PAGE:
The confluence of those two groups make for a very active marketplace. We’ve already closed more NSDCC sales this year than last year, and the 2015 total will easily end up well over 3,000 sales:
# of NSDCC Detached-Home Sales
Avg. Days on Market
Why does it appear that there is no inventory? Because sales are happening at a rapid pace – 38% of the NSDCC houses sold this year found a buyer in the first two weeks.
An example: A new listing hit the market at the end of last week, and our ready, willing, and able buyer with a 20% down payment made an offer. By Monday the listing agent had received four offers – two were all-cash, and one of those was over list price!
During the week of Christmas!!
The potential buyers who only check in occasionally will miss the hot buys – they don’t have their chops up enough to recognize them, and instead just see the over-priced turkeys that have been picked over by everyone else. Casual seller-candidates will see the same, and think adding the extra 10% is a good idea – just in case.
The talking heads are wondering if the 10.5% month-over-month drop in existing home sales is related to the new TRID mortgage regulations. Those with a national voice are usually quick to blame everything but prices for any glitch in the statistics. The M-o-M decline is normal (see above) due to the holiday season, and because there are two fewer business days in November.
It would serve the real estate consumer well if there was more focus on how prices affect sales – and that price will fix everything! Let’s hand it to Yunnie for including that ‘the steep rise in prices’ could be the cause too!
NAR economist Lawrence Yun said most of November’s decline was likely due to regulations that came into effect in October aimed at simplifying paperwork for home purchasing. Yun said it appeared lenders and closing companies were being cautious about using the new mandated paperwork.
Also potentially weighing on home sales, the median price for a U.S. existing home rose to $220,300 in November, up 6.3 percent from the same month in 2014. Yun said the steep rise in prices and shrinking inventories could also be constraining home purchases.
How did we do around North San Diego County’s coastal region?
Typically we have a drop in sales from October to November, but this year we fared well, compared to the last two years:
December is usually a good month too, and we’ve already closed 156 sales – last year’s count was 250, and the year before we had 211 December sales.
The market will be great, as long as sellers adjust their sails to the wind.
The numbers are staggering: Annually, $1 trillion is stolen by corrupt officials from countries around the globe.
That money needs to be spent, or laundered, and much of it goes into big, anonymous real estate deals in the United Kingdom, which is seeing $1.5 billion in unrecorded capital inflows per month.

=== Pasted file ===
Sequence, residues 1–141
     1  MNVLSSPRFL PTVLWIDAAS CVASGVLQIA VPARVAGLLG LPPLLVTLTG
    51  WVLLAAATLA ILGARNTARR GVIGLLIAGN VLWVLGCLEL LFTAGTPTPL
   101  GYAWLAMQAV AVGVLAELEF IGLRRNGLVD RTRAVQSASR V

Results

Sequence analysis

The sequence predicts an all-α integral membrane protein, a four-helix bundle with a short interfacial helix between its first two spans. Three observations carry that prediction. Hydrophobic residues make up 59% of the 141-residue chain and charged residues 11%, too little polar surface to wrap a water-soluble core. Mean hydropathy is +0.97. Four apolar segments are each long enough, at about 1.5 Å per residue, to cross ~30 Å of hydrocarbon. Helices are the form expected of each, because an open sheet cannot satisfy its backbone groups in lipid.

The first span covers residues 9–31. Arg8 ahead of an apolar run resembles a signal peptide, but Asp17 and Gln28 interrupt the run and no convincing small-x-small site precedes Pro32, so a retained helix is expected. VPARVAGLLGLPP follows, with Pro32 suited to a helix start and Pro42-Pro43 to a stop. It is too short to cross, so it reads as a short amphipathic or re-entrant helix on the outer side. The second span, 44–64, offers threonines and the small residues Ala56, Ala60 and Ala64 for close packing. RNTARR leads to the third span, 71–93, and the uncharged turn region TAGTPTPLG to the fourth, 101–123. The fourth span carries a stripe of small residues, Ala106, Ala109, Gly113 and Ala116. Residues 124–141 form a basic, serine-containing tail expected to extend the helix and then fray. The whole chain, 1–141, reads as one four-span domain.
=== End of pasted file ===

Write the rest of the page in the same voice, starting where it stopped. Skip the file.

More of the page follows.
The main source of that money? Russia.
From Russia with Cash, a new documentary that aired at the Newseum in Washington, D.C., on December 15, focuses squarely on the phenomenon. It examines up close British real estate agents’ willingness to overlook a deal’s potential illegality in the hopes of a big commission.
Wearing hidden cameras, Russian government minister “Boris” and his blond girlfriend “Nastya” tour five palatial apartments in central London, accompanied each time by a different real estate agent.
The movie captures the interactions. We watch Boris buttonhole each realtor to confide that he is a government minister with a “very small salary,” adding, “Needless to say, the money for this flat comes straight out of the Russian budget.” He explains that his name cannot be connected to the property in any way.
Despite having just heard that their client is a crook, the agents invariably continue the deal. Several refer him to a lawyer; one says, “You shouldn’t be telling me anything about any of these things,” but doesn’t cut the conversation short.
In the United States, that behavior is fine: real estate agents in the United States aren’t obligated to report on clients whose legality is in question. But in the United Kingdom, an agent who thinks a potential client might be laundering money illegally is required by law to file a Suspicious Activity Report (SAR) with the country’s National Crime Agency.
In the film, the agent showing the ritziest apartment—an ornate, five-bedroom flat selling for £15.8 million (and potentially fetching a £315,000 commission for the agent)—does seem to have second thoughts after Boris’s speech; there’s a moment where it looks like he might turn the Russian down. But then he says, “No one will find your name on this,” and proceeds to explain how that can work.
None of the deals go far beyond the initial conversation, but the film is a powerful, if repetitive, illustration of how corruption flourishes. Corrupt officials from around the world need safe places to park their money, and real estate deals are currently the vehicle of choice—as long as the bureaucrats’ and oligarchs’ names can’t be traced to the purchases.
The local NSDCC new listings keep coming; 51 in the last seven days which is about the same as in 2013. With Christmas being so close, you might think that the bulk of those are just listings being ‘refreshed’.
But only 11 of the 51 had expired or cancelled within the last 30 days, and then relisted by the same agent over the last week.
We’ll see a boatload of ‘refreshings’ during the first week of 2016 – watch out.
Click on the link below for the complete NSDCC active-inventory data: